Tyler Ennis,  Matt Moulson,  Tyler Myers

Five team stats you may find interesting

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97 — The number of goals the Buffalo Sabres have scored this season, by far the lowest in the NHL. Second to lowest is Calgary, at 119. (Chicago has scored 190 to lead the league.) That said, the Sabres’ offense has been much improved lately. They’ve scored 20 goals in their last six games, including five in Saturday’s 5-2 victory at Columbus.

0 — The number of times Chicago, St. Louis, Anaheim, and Colorado have been shut out. Meanwhile, Nashville’s been blanked a league-high seven times. The Blackhawks were also one of three teams (Boston and Pittsburgh were the two others) to avoid being shut out last season. The last time they failed to score at least one goal in a regular-season game was Feb. 25, 2012, in a 4-0 loss in L.A.

7-4-4 — The Islanders’ record when leading after two periods, giving them by far the worst winning percentage (.467) in that situation. New York blew another second-intermission lead Saturday versus the Blues, when T.J. Oshie tied the game 3-3 in the last minute and St. Louis went on to win in the shootout. Granted, the Isles believed they should have won in overtime, but it wouldn’t have gotten to that point if they’d have been able to lock it down in the first place. (Related: Islanders would love to stop blowing 2-0 leads)

215 — The number of times the Flyers have been shorthanded. Yep, the most in the NHL. The Bruins scored three power-play goals in Saturday’s 6-1 win over Philly, further highlighting a problem that Craig Berube has been harping on since taking over behind the Flyers’ bench. Whether it’s a lack of discipline or team speed that’s leading to all those penalties is up for debate. That all those penalties is hurting them is not. Even with the 10th-ranked penalty kill (83.3%), the Flyers have surrendered 36 power-play goals, tied for seventh most in the league.

48.9% — The Ducks’ faceoff percentage, ranking them 21st in the NHL. Perhaps somewhat surprising considering Anaheim’s spot atop the standings, but as we’ve noted in the past, not all winning teams are winners in the faceoff circle. The Blackhawks won the Stanley Cup last year with a 46.8% win rate in the playoffs. The Kings won it the year before at 49.7%. It’s one of those things where you’d love to be above 50 percent, but it’s not as important as it’s sometimes made out to be.

One of the two? Sens will interview Boudreau on Friday

Bruce Boudreau
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Ottawa’s search for a new head coach is moving along quickly.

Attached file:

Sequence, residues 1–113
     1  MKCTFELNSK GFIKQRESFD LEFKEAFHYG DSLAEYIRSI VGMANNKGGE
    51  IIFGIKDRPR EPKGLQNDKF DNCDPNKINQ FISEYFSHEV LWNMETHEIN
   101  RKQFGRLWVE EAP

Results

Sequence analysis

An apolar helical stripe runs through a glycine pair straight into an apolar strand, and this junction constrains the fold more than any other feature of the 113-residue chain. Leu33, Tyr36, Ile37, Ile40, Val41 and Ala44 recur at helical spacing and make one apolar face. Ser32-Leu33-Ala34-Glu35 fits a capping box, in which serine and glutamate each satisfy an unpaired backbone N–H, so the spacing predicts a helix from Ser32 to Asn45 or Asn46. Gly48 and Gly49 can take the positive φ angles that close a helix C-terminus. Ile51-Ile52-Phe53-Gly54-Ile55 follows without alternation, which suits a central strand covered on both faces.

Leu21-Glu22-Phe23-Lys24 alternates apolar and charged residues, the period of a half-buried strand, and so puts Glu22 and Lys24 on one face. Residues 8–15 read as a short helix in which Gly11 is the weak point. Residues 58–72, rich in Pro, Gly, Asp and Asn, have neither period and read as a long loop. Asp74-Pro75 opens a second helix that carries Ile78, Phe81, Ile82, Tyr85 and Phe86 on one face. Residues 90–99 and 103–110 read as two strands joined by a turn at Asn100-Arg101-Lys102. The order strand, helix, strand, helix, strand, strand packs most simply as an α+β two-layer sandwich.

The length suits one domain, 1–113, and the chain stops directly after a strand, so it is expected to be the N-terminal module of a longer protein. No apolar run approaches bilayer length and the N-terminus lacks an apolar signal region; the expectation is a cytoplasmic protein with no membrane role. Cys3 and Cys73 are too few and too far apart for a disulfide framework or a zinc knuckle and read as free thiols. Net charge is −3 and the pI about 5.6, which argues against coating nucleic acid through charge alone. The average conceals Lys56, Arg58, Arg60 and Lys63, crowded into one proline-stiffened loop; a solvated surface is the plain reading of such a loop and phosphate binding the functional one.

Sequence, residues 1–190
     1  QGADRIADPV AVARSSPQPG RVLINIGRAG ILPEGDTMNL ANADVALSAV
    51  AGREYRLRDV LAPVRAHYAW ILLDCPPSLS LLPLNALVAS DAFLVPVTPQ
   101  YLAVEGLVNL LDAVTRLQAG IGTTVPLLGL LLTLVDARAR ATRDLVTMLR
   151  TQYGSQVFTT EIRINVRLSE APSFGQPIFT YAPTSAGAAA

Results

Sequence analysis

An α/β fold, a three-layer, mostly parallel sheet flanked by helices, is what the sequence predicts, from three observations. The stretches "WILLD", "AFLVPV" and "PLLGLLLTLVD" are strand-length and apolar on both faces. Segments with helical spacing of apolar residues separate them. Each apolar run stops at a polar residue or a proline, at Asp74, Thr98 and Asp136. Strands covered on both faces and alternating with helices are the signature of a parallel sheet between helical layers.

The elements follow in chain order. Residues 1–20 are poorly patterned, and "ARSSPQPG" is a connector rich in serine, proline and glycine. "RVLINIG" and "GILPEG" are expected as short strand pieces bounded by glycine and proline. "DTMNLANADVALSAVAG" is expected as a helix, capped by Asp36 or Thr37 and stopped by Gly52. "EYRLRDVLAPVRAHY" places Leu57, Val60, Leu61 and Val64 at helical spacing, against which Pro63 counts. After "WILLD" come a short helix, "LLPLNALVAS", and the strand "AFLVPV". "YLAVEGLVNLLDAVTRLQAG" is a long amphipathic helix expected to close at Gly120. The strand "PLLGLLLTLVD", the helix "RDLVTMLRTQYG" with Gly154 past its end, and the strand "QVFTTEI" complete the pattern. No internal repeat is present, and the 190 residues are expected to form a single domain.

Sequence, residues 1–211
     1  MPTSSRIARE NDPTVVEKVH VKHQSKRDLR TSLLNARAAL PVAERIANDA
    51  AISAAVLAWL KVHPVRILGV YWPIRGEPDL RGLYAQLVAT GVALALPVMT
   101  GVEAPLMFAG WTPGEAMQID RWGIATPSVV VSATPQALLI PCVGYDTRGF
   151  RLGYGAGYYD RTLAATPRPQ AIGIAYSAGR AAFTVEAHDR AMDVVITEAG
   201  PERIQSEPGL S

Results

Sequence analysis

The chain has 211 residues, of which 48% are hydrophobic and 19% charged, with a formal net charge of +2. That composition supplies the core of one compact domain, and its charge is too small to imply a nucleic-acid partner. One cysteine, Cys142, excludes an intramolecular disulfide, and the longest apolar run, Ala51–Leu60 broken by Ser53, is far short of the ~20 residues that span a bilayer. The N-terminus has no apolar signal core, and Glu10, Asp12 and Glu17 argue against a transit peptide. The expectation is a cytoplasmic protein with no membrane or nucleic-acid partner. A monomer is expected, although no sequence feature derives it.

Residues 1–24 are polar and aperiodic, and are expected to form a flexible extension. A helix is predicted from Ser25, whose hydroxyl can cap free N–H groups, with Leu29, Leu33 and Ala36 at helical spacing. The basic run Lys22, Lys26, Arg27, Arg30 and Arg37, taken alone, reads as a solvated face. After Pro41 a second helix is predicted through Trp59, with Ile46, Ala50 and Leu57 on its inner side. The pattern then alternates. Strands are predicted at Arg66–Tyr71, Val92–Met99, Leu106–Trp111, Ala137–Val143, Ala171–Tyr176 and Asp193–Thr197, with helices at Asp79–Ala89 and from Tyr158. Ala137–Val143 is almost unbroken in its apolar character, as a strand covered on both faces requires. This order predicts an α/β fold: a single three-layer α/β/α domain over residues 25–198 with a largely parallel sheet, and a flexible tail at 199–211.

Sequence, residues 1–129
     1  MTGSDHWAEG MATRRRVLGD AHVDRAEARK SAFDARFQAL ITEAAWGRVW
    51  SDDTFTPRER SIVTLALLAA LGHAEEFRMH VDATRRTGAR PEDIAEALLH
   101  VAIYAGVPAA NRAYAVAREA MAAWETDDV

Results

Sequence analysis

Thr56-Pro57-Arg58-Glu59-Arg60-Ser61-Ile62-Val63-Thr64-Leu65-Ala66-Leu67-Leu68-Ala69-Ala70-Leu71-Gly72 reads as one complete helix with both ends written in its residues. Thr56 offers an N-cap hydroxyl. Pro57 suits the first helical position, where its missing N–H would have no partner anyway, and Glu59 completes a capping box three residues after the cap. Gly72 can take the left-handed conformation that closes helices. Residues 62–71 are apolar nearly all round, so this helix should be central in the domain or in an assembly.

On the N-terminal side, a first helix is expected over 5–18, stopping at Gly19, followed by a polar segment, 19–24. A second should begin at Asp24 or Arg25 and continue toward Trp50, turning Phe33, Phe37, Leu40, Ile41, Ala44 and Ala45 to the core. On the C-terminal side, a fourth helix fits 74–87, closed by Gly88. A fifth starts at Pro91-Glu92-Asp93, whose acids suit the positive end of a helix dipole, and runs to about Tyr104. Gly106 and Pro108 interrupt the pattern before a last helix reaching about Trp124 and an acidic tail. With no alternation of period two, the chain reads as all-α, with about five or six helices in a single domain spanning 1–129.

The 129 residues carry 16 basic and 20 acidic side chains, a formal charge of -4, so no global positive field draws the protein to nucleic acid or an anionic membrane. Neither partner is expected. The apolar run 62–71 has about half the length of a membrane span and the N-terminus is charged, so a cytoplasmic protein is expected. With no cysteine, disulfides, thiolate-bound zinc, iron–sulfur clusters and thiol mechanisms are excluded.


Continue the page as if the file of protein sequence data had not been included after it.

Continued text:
Just one day after owner Eugene Melnyk said the Sens would be down to a two-person shortlist by Friday, the Ottawa Sun reported that Bruce Boudreau would interview for the bench boss gig tomorrow.

Tomorrow… which is Friday.

Boudreau’s the latest in a long line of coaching prospects brought in GM Pierre Dorion. Others include Mike Yeo, Marc Crawford, Guy Boucher, Randy Carlyle and Kevin Dineen.

Boudreau, fired by the Ducks last week, is in hot demand. Bleacher Report’s Adrian Dater reported Calgary has already made an offer, and it’s believed the Minnesota Wild have also reached out, though GM Chuck Fletcher remains unclear what he plans to do with interim bench boss John Torchetti.

As for the Senators, there could be one more coach in the running to crack said shortlist:

Bob Hartley.

Dismissed by Calgary earlier this week, Hartley is seen as a good fit for the Sens gig. He speaks French, which is a bonus for a bi-lingual city like Ottawa, and has ties to player development coach Shean Donovan (Hartley coached Donovan in both Colorado and Atlanta)

Hartley’s also liked by former GM and current special advisor Bryan Murray, who nearly hired Hartley back in 2008 — but instead opted for Craig Hartsburg.

From the Globe:

[Murray] narrowed his search to Hartsburg, former Colorado Avalanche Stanley Cup championship coach Bob Hartley and highly regarded junior coach Peter DeBoer of the Kitchener Rangers. DeBoer beat Hartsburg in the OHL Western Conference final this season, 4-1. They emerged as the two finalists for the job.

Both met earlier this week with Senators owner Eugene Melnyk, who said he wanted to become familiar with both as well as “have a couple of beers and pizza.” The final decision was up to Murray, and Hartsburg became the man.

“I was impressed with all of them,” Murray said. “[Hartley’s]presentation was excellent and I can see why he’s had success.

Other candidates believed to be in the running for the Ottawa job are Kings assistant John Stevens, and Blues assistant Brad Shaw.

If the Stars don’t get some better goaltending, their GM will have some explaining to do

Dallas Stars goalie Antti Niemi (31) subs in for goalie Kari Lehtonen (32) during the third period of an NHL hockey game, Tuesday, Dec. 8, 2015, in Dallas. The Stars won 6-5. (AP Photo/LM Otero)
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Kari Lehtonen was reportedly the first Stars goalie off the ice this morning, meaning he’s your likely starter tonight in St. Louis.